Report on the future of Canadian natural gas

December 18, 2012
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Canadian demand for natural gas is projected to double by 2035. (Courtesy of IPAA.org.)
Canadian demand for natural gas is projected to double by 2035. (Courtesy of IPAA.org.)
Natural gas investment and production is expected to add nearly $1 trillion to the Canadian economy over the next 24 years, according to a Conference Board of Canada analysis.

“Clearly, the natural gas industry contributes to Canada’s economy and to the economy of each province,” said Len Coad, director of environment, energy and technology policy. “While the benefits are most concentrated where natural gas is produced, economic impacts are felt in manufacturing, construction and services industries in all provinces.”

 

The analysis published in the report The Role of Natural Gas in Powering Canada’s Economy includes direct, supply chain and other effects in order to quantify the full economic footprint of the industry.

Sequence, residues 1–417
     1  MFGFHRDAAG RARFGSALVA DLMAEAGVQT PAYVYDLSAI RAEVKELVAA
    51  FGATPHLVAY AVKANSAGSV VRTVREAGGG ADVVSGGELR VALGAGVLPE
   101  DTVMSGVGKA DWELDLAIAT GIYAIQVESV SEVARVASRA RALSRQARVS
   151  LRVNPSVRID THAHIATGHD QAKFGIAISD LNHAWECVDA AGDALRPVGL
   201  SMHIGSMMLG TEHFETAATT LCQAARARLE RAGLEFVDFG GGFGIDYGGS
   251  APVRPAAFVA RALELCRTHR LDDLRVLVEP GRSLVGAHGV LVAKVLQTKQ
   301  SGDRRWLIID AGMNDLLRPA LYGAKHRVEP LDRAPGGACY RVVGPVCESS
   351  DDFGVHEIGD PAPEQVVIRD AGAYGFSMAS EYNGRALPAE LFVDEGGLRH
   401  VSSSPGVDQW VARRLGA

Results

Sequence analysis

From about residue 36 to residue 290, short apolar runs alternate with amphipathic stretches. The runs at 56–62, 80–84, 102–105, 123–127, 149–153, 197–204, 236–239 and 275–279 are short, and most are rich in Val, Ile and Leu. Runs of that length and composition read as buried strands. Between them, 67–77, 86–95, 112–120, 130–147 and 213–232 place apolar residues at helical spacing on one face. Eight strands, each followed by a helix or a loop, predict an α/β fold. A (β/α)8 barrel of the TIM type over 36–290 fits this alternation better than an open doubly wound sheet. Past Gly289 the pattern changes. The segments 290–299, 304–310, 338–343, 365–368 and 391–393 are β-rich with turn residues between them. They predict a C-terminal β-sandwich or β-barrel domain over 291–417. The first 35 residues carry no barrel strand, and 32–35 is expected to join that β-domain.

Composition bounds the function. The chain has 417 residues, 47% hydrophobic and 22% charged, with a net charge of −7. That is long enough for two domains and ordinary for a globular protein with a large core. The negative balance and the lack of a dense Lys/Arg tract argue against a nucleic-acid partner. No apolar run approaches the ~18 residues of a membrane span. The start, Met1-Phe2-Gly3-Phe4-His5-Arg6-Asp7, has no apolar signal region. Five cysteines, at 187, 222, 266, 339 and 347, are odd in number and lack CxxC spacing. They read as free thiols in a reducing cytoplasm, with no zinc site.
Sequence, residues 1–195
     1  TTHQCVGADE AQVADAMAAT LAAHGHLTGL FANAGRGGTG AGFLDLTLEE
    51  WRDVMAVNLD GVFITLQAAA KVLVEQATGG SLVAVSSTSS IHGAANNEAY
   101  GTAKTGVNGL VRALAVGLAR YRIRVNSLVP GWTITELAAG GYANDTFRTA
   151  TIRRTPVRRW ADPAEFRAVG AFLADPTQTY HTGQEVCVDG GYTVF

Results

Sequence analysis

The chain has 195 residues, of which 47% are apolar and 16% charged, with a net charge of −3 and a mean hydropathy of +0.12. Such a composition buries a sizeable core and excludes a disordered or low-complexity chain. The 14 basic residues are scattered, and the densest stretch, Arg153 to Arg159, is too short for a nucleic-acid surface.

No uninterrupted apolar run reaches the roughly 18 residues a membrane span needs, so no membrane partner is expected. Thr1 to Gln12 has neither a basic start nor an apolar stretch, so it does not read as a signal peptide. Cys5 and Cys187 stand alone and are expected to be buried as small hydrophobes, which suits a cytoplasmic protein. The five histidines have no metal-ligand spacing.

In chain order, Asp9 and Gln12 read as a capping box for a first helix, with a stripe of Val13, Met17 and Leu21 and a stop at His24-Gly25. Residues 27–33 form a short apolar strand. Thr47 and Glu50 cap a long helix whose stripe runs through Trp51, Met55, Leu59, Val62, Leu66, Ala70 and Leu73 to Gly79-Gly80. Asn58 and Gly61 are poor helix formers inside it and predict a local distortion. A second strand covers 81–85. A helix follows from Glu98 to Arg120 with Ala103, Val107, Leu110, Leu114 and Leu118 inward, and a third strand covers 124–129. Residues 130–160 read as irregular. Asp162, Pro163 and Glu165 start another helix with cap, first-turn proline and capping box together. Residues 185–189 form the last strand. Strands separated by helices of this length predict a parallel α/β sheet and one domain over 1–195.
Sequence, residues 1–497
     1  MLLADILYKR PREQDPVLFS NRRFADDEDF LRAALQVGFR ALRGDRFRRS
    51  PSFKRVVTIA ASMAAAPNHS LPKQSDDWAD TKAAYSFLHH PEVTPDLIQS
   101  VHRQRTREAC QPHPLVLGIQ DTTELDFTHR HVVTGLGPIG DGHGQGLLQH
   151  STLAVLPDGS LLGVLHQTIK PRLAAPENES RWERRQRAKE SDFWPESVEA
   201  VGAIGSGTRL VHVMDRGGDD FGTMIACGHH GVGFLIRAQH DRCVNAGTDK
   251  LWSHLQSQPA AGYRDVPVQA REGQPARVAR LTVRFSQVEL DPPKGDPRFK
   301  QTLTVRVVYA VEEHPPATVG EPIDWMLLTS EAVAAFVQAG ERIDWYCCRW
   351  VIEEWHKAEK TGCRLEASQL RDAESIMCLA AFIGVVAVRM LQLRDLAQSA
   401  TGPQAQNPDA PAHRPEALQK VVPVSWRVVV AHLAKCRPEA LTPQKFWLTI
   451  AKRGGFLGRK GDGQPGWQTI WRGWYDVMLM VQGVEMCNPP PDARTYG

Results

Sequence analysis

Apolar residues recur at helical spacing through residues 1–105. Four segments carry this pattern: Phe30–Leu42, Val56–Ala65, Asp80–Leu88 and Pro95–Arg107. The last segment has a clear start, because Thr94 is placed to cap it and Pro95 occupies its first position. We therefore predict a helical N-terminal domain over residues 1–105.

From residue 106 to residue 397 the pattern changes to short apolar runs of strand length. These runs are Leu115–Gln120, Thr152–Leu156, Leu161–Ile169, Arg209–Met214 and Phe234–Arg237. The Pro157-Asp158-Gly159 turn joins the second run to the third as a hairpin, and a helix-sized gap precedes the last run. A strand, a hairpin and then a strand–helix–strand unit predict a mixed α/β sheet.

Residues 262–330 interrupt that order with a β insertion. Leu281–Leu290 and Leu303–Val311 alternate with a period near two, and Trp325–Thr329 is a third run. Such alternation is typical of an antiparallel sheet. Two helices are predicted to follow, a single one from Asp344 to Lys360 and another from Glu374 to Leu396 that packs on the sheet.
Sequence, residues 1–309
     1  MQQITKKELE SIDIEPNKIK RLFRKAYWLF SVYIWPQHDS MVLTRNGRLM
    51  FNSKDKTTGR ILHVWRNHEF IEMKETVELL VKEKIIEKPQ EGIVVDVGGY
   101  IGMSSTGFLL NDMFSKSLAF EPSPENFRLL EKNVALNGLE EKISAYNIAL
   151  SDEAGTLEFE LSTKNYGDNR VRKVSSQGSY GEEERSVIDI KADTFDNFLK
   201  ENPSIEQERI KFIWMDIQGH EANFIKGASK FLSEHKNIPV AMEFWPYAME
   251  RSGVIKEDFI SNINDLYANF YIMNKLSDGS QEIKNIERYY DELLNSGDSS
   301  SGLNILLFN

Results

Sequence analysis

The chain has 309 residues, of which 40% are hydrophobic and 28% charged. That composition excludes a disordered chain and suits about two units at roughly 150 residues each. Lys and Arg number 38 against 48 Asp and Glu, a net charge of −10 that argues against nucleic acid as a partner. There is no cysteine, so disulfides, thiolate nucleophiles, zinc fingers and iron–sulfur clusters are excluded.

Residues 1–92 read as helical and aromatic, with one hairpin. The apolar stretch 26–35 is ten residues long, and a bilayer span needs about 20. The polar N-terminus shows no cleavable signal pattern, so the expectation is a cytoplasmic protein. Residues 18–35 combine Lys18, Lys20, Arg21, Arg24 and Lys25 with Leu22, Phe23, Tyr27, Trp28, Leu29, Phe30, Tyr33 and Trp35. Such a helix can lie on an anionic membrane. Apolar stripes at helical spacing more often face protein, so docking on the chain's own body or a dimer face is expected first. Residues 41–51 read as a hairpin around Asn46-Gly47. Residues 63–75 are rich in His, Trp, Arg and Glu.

Today, total natural gas production in Canada supports nearly 130,000 jobs and generates over $24.5 billion in economic activity per year. Natural gas accounts for 37.7 per cent of Canada’s primary energy supply, satisfies 30.6 per cent of energy demand, and makes up 42 per cent of Canada’s energy exports. Canada ranks 18th in the world in proven reserves of natural gas, third in production and fourth in exports.

 

The Conference Board estimates that Canadian demand for natural gas will double between 2012 and 2035. This estimate is based largely on three factors: natural gas demand for bitumen production (Alberta’s oil sands), electricity generation (largely in Alberta and Ontario), and exports of liquefied natural gas (LNG) in British Columbia. However, Canada’s growing demand will be met by declining exports to the United States; over the forecast period, Canadian natural gas production will remain roughly constant.

 

Still, the Conference Board estimates that natural gas industry will invest $386 billion (in 2012 dollars) over the next quarter-century to maintain production levels. The investments will be centered in British Columbia ($181 billion) and Alberta ($154 billion).

 

The upstream industry, which includes exploration, production, gathering systems, and liquids extraction facilities, will account for almost 76 per cent of the total investment.

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